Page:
England v SA, World T20, Group 1, Chittagong March 29, 2014

England pay for Dernbach's latest calamity cameo

There were other negatives with the ball and in the field but ultimately 26 runs in nine balls from Jade Dernbach swept England's World T20 hopes away into the Bay of Bengal

England are not out of the World T20 yet. Although that is only because the formality of one last commitment against Netherlands awaits. They lost one rain-affected match, another in superficially close circumstances and in between pulled off their greatest T20 chase. Few expected them to do much better, after the winter they have had.

But there will be regrets about how this game slithered away from them, as another wayward performance with the ball and in the field pushed the batting too far into the red. England had won the toss and, in light of the ever-present dew, seemingly half the battle. Instead, South Africa became the first team to defend a total in the late slot during Chittagong's second-round matches.

It began with Jos Buttler missing a simple stumping but ended most emphatically with the sight of Jade Dernbach, a glass cage of emotion at the best of times, being taken apart by AB de Villiers on his way to the fastest T20 fifty by a South African. As de Villiers unfurled his full range, including an eye-popping reverse sweep off Chris Jordan and a trampoline scoop over deep square leg against Tim Bresnan's attempted yorker, 55 runs cascaded from the last three overs and swept England's hopes away into the Bay of Bengal.

The mitigation for Dernbach usually goes as follows: he bowls in the Powerplays and at the end, he is bound to get some tap. Unfortunately, he no longer seems able to stop the tap running, with England constantly having to deal with an overflowing bath. This was worse than his 0 for 49 in Sydney in January, although the wet ball, which resulted in one chest-high beamer, clearly caused problems. Too much variation is usually the issue but here Dernbach was consistent, monotonously finding the wrong length.

De Villiers sometimes seems to bat like he is a savant, for whom normal limitations such as the pitch or the opponent don't seem to apply. This time, both were to his liking. Dernbach's third over, the 18th of South Africa's innings, did not take much transcending but he could perhaps console himself with the thought that de Villiers has spiked better bowlers - namely Dale Steyn, during an IPL mini-epic for Royal Challengers Bangalore two years ago - and will doubtless do so again.

Two fours, two sixes, two wides, a two, a single and a no-ball was the pared-back, stripped-down, acoustic version, minus the screeching feedback. Nine balls, 26 runs - a number that comfortably encompassed England's margin of defeat. The anti-Jade brigade was in full voice, with even the coach of Hong Kong (an Australian, it has to be said) chipping in. "Has Dernbach got an IPL gig? #deserves" tweeted Charlie Burke.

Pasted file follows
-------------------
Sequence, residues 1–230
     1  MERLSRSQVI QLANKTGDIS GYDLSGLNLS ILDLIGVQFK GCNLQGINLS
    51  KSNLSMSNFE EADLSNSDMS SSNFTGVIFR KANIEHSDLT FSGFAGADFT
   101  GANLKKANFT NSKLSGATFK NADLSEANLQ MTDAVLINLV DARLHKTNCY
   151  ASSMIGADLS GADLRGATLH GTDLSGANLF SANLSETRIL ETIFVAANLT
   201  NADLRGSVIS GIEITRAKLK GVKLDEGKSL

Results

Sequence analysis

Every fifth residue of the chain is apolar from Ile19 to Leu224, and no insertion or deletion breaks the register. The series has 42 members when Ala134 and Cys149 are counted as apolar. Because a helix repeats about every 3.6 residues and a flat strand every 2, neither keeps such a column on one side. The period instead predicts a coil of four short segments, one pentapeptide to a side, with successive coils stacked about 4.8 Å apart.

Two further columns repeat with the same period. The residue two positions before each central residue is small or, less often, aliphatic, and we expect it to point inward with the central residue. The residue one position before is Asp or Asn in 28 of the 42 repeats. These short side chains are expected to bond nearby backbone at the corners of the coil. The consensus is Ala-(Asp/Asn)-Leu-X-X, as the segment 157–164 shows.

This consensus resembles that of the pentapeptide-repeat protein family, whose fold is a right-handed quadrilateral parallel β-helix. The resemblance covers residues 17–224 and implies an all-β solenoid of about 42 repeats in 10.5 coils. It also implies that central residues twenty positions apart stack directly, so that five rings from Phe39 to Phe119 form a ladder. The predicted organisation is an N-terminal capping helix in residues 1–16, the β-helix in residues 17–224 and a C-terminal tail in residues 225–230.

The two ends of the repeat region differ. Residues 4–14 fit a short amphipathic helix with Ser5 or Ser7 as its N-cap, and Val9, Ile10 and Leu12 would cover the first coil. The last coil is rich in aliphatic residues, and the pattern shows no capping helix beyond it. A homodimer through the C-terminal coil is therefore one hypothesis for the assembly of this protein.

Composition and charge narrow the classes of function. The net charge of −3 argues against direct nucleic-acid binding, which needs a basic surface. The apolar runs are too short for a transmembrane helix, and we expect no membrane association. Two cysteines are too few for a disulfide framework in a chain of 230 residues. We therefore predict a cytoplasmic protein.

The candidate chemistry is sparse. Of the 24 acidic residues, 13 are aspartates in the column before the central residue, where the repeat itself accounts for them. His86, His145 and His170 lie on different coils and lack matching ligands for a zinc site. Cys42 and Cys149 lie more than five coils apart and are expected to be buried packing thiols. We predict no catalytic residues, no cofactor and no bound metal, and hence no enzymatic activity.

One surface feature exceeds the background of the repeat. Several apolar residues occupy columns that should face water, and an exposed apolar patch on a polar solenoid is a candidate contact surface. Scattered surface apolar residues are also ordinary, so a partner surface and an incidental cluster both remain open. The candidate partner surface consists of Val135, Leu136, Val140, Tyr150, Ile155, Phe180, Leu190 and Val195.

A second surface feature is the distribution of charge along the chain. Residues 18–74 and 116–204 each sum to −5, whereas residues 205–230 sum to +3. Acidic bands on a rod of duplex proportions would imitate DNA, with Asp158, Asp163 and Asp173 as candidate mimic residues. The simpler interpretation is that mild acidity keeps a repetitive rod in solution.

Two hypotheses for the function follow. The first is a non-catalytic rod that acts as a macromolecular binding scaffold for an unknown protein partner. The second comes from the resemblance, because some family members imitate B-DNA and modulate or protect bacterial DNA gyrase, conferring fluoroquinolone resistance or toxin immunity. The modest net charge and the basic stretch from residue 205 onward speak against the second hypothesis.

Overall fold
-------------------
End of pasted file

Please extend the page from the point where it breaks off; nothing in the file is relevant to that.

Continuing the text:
"It was an important over, with the short boundary," de Villiers said. "We hadn't had a lot of big overs, I felt it was time. The bounce of the ball was in my side, unfortunately for him his execution wasn't spot on. He's a really good bowler but with the wet ball and the short boundary, it was my night."

As ever with a Dernbach calamity cameo, there was a dropped catch, though Buttler did his best to atone for earlier errors with a full-length dive after David Miller had gloved a pull behind. For all that Dernbach does not seemed to have learned a great deal from his three years as an England player, there is a touching honesty about his performances and his pain; the doleful look in his eyes can be genuinely affecting. Dernbach wears his heart on his sleeve, somewhere among all the tattoos.

Sentimentality aside, though, an economy rate of 8.71 - joint worst of bowlers who have sent down 300 deliveries or more in T20 - is likely to be his epitaph. We may not see England's third-highest wicket-taker in the format in a solar red shirt again.

This match was not a highly buffed spectacle of uber cricket, de Villiers aside. Dernbach and Buttler had the messiest copybooks but there were plenty of other examples. Moeen Ali dropped de Villiers on to the rope for four; Wayne Parnell started with a leg-side wide and then fell over in his follow-through (although he more than made amends); the umpire Rod Tucker even denied South Africa the wicket of Alex Hales by overzealously no-balling Albie Morkel.

Perhaps this is what you get when you play cricket with a bar of soap in a sauna where the lights keep going out and the floor is in a state of permanently being mopped.

There may have been a lot of Kentucky Fried Cricket on offer but only de Villiers was in possession of the special recipe. The crowd had had their fill and the last knockings of England's run chase, completed some four hours after the game had begun, were overseen by plenty of empty seats. Hales had briefly threatened to rain down mayhem again but by the time Ravi Bopara was taking aim at the stands in a by-now-familiar exercise in futility, few were left to worry about getting hit.

"At the end of the day, T20 is an entertainment business," Stuart Broad said afterwards. It brought to mind a line spoken by Russell Crowe in Gladiator as he stands in the middle of a bloodied arena: "Are you not entertained?"

Alan Gardner is an assistant editor at ESPNcricinfo. He tweets here